In 2018, Alma Lopez was less than a thousand feet from reaching the top of Mount Kilimanjaro.
“I think if I would have had another 45 minutes, I would have made it to the summit,” she shares. But weather conditions—the beginning of a snow blizzard—were not in her favor, and she was witnessing people around her suffer from altitude sickness; one person even had to be rescued by a helicopter. Her traveling group was told that if they went further up, there would be no rescue at the top.
The Latina business owner is now determined to complete the hike one day—and, with the help of her travel company, Alma Explores, she’s determined to bring other women along with her. Hiking Mount Kilimanjaro, Africa’s highest peak and the sixth tallest in the world, is a feat not many accomplish: Reportedly, only two-thirds of the some 35,000 people who hike it every year are successful.
But Lopez is no stranger to challenges. Lopez founded Alma Explores three years ago—right before the pandemic—after an extensive background working in the advertising industry and a persistent love for traveling. Lopez adds to the demographic of Latino entrepreneurs that are starting businesses at a faster rate than any other group in the country. She also joins a growing number of organizations like Latino Outdoors and Reclama that are advocating for more Latino representation in travel.
Alma Explores now leads and curates private and small group trips where Lopez wants everyone, especially other Latina women, to feel welcomed. Lopez says her business thrives on converting travelers who don’t usually pursue new adventurous experiences. Several of her most recent curated trips included a Kayaking & Camping trip in Loreto and a Girls Trip to Valle de Guadalupe in Baja California, Mexico.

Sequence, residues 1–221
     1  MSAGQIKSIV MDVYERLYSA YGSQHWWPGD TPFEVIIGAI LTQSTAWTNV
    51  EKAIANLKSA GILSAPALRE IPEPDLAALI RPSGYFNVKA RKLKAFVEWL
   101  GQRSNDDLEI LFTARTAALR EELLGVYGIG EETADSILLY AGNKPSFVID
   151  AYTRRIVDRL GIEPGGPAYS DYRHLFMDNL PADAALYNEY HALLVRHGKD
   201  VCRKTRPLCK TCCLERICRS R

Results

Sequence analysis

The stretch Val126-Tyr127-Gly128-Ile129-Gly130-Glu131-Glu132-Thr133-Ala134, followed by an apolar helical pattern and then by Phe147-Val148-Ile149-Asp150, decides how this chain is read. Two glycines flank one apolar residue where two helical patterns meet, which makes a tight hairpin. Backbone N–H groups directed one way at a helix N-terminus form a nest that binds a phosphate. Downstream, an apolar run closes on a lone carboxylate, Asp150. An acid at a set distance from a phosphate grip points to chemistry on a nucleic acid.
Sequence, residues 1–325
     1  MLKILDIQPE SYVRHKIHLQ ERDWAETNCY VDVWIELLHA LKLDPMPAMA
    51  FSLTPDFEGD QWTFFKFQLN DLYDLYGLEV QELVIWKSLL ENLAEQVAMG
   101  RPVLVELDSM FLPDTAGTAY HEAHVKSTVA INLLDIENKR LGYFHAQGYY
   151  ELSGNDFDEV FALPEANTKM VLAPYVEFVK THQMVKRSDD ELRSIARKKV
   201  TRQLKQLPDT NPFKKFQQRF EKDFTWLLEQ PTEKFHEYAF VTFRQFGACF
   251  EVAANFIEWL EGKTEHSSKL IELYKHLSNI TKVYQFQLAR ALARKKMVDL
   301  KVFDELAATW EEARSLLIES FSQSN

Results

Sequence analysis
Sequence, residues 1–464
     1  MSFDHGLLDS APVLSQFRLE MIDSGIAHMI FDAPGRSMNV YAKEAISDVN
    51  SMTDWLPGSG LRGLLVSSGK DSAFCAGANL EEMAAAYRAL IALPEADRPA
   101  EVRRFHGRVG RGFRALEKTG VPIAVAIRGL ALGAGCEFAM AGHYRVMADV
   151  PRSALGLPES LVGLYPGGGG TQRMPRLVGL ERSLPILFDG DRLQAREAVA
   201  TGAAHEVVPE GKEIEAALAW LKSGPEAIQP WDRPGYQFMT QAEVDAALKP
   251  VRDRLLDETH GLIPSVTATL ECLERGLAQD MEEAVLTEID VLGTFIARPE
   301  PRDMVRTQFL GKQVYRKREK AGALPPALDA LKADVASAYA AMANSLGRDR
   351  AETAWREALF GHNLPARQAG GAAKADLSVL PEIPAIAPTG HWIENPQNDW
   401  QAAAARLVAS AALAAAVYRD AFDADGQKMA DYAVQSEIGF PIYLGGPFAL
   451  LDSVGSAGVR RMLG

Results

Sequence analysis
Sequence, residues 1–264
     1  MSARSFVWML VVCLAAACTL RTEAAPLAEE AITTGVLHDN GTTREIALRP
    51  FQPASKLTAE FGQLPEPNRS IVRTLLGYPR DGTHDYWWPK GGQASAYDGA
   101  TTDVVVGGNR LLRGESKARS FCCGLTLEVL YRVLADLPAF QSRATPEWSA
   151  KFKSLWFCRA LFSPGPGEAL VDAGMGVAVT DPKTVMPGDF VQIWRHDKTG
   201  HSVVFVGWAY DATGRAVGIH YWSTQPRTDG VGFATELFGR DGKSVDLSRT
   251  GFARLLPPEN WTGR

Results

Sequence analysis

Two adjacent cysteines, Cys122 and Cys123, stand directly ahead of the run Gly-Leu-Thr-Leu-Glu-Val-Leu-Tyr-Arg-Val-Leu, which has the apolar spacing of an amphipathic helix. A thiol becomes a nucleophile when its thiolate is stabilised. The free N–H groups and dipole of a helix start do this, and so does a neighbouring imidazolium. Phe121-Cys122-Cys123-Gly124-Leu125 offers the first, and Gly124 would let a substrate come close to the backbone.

Among the new destinations Lopez plans to take travelers on—including Morelia for the Day of the Dead celebration—is Mount Kilimanjaro, which is added to the itinerary for August 2023.
“I would really love to travel with a group of women who want to challenge themselves in Mount Kilimanjaro,” says Lopez.
For this trip, Lopez outlines what travelers can expect on the eight-day hike, including lodging accommodations, a packing list, park fees, information on guides and mountain crew, and meals. But she shares that much of what travelers will take away from the experience can’t be expressed in an itinerary. “The reason why I did it was because I heard it was more of a hike, not so much of a climb, and I wanted to really challenge myself physically,” says Lopez, detailing how her preparation for the trip also helped her address her past struggles with her weight.
Her quest to reach the top of Mount Kilimanjaro continues to be symbolic of the work she’s putting into her business and herself. “I am not going to stop until I reach that summit,” Lopez says.